“Is it hot enough for you?”
Yes, it is. It’s hot enough to stay inside, squeeze a lemon and sip ice cold lemonade under the ceiling fan. It’s hot enough to remember being a teenager and tossing hay bales in upstate New York and be thankful I don’t have to do that anymore. Very few farmers do it that way now with today’s technology.
It’s hot enough to recall a summer in Arizona when my brothers earned extra money picking grapefruit in the citrus orchards. Even with the desert’s nearly nil humidity, in that heat I preferred an afternoon at the swimming pool over cash.
Is it hot enough for you?
Well, my son-in-love didn’t think it was too hot when he signed up for the annual July New York City Triathlon. To prepare for these grueling races, he runs up and down the hills of Arkansas, pedals vigorously on his bike and cools off with laps in the pool. He practices through the chill of winter and the heat of summer so he has the endurance to participate in Triathlons. He didn’t think it was too hot to take his four children and my daughter to NYC for walking tours of the city in the days before and after the race.
The kids whine, “It’s hot!” as they strolled down the streets of New York exploring the stores, the sites and the history.
“We walked nine miles today,” my daughter reported the day before the race. The kids complained about the heat until they saw a street performer doing gymnastics and invited an audience member to join them. One granddaughter raised her hand, tucked in her shirt and copied him in movements and somersaults down the sidewalk. It wasn’t too hot to move then.
But weather predictions looked too hot for NYC Mayor Bill de Blasio. He asked the directors of the triathlon to call it off. The directors considered all the racers coming from around the city and the nation. They decided the predicted heat wave was hot enough to call off the race three days before the event.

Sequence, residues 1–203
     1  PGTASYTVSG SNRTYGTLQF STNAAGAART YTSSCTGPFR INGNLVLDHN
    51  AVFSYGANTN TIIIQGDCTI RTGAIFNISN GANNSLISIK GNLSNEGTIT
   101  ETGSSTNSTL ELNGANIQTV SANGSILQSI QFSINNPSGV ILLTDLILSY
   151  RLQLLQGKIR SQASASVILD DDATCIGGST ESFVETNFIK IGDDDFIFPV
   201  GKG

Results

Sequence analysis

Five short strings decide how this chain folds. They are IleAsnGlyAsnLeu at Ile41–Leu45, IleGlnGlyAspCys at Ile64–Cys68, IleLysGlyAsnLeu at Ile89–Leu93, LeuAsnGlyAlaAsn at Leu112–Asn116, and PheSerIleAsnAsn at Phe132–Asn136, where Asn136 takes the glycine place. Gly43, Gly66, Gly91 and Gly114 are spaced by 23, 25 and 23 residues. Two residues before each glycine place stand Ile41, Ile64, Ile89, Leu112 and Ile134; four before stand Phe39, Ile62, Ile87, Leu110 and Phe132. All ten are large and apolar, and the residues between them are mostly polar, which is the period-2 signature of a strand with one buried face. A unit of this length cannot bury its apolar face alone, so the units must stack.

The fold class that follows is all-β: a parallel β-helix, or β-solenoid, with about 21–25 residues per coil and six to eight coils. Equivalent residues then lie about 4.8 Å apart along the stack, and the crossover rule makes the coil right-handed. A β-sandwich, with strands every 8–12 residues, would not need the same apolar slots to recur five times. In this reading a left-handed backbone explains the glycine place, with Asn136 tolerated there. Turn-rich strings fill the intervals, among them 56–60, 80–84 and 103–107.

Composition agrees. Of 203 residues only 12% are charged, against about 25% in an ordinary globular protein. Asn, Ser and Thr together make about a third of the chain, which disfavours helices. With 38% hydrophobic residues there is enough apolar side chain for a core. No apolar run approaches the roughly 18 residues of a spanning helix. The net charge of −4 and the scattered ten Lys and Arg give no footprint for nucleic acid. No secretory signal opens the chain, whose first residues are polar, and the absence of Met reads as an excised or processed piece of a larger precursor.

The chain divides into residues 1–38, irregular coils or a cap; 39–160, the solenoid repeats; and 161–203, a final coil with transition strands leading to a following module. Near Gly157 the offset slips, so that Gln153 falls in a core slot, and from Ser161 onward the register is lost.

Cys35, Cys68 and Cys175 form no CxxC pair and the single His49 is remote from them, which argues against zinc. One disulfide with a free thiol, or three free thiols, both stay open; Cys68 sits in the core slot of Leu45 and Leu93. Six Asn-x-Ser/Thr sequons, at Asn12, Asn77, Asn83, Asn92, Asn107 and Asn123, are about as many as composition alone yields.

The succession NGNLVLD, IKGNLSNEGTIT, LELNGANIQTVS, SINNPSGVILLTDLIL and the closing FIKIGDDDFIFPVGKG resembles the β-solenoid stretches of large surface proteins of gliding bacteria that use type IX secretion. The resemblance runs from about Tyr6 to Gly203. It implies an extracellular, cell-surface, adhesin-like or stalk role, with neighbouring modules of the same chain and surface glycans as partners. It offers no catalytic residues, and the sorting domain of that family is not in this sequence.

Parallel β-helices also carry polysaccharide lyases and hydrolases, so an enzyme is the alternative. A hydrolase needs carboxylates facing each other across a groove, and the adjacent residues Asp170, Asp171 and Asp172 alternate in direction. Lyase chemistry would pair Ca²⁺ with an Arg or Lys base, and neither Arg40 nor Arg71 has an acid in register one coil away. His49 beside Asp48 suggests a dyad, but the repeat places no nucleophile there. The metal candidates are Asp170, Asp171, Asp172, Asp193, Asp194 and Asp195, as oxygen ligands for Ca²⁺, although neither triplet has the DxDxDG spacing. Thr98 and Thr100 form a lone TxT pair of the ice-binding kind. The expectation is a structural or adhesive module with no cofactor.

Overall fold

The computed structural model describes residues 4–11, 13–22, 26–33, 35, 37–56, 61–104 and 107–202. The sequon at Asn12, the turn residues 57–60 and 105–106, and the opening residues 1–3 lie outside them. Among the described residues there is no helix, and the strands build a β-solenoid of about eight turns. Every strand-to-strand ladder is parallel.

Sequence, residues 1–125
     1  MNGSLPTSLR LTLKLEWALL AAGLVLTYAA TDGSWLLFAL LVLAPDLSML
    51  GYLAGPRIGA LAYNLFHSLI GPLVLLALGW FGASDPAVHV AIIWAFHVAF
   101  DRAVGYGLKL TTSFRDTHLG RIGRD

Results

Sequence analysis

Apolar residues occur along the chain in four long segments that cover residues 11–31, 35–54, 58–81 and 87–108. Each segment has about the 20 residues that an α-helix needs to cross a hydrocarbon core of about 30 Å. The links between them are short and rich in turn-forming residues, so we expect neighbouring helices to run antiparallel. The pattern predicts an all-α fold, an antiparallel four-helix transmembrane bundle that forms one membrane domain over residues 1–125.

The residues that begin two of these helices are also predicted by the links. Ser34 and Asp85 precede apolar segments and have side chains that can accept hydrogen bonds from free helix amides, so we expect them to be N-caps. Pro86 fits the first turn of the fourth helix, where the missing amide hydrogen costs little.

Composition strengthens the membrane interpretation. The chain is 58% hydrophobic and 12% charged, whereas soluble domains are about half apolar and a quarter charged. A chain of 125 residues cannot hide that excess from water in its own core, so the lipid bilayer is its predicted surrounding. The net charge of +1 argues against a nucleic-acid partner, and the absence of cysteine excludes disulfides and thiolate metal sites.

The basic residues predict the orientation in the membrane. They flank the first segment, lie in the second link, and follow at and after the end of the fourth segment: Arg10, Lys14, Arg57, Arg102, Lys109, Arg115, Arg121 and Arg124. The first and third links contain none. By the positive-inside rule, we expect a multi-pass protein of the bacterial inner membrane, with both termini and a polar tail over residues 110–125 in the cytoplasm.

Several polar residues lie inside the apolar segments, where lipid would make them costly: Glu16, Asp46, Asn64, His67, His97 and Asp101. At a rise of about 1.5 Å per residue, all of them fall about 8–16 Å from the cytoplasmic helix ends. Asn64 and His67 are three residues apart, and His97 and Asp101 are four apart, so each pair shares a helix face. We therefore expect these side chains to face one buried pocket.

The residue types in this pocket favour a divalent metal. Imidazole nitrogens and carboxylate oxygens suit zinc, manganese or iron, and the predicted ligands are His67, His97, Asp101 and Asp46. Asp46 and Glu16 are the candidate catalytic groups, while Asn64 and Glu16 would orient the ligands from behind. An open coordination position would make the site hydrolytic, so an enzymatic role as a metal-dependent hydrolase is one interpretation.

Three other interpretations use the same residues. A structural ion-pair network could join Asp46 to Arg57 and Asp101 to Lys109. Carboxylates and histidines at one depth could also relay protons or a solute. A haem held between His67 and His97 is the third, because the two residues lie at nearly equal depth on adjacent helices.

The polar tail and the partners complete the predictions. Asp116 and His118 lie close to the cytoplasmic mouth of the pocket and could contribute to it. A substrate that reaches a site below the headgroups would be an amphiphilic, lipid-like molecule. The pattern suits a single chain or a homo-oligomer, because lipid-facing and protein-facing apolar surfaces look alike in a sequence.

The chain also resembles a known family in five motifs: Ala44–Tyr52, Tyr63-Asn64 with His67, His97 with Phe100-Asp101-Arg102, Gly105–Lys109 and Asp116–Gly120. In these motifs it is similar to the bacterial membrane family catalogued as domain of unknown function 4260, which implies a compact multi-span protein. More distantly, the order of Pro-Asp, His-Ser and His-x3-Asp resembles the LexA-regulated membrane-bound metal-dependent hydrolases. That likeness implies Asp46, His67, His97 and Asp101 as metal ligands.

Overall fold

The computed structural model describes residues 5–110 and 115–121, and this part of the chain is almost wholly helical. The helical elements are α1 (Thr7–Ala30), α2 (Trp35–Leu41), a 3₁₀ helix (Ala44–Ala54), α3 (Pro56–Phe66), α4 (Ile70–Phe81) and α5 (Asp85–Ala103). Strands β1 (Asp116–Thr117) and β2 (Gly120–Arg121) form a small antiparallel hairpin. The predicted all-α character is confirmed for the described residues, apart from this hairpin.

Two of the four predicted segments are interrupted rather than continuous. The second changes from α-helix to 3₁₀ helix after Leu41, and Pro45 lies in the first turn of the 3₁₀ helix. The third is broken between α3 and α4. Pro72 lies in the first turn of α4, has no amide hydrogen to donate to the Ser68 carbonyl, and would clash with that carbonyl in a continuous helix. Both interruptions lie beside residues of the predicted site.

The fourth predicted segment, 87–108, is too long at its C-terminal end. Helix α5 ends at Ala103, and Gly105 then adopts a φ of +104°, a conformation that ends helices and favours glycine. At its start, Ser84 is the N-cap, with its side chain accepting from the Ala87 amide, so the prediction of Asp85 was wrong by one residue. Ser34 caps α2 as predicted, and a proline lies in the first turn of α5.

The decision came too late for the racers, like my son-in-love, who had already arrived for the race. Not everyone was happy to cancel a year of planning because someone else decided, “It’s hot enough for us.” Or, as my daughter protested the day of the cancellation, “It was cool today!”
The directors canceled this year but they still plan on holding it in July next year simply because these things have to be scheduled two and three years in advance. Other race directors joined the NYC-Tri in canceling long scheduled weekend races. According to Runners World, races included the NYC marathon training race, horse races in New York, Maryland, Pennsylvania and Kentucky. Even auto racing in Kalamazoo, Michigan was canceled due to concerns of drivers overheating.
Is it hot enough for you?
Well it is a deadly heat this summer as we realized with the news that former Arkansas football player Mitch Petrus, 32, died after suffering a heat-related illness. He reported feeling sick after working outside all day and in the shop. The official cause of his death is listed as heat stroke, according to the Associated Press. While the thermometer read in the 90s, the heat index that day rose over 100. That’s too hot and humid for even trained athletes on a day when conditions match the temperatures expected on the days of the canceled races.
Is it hot enough for you? Yes, it is folks, Hot enough for you to stay in the shade, drink plenty of lemonade and keep cool. Before you know it someone will ask, “is it cold enough for you?”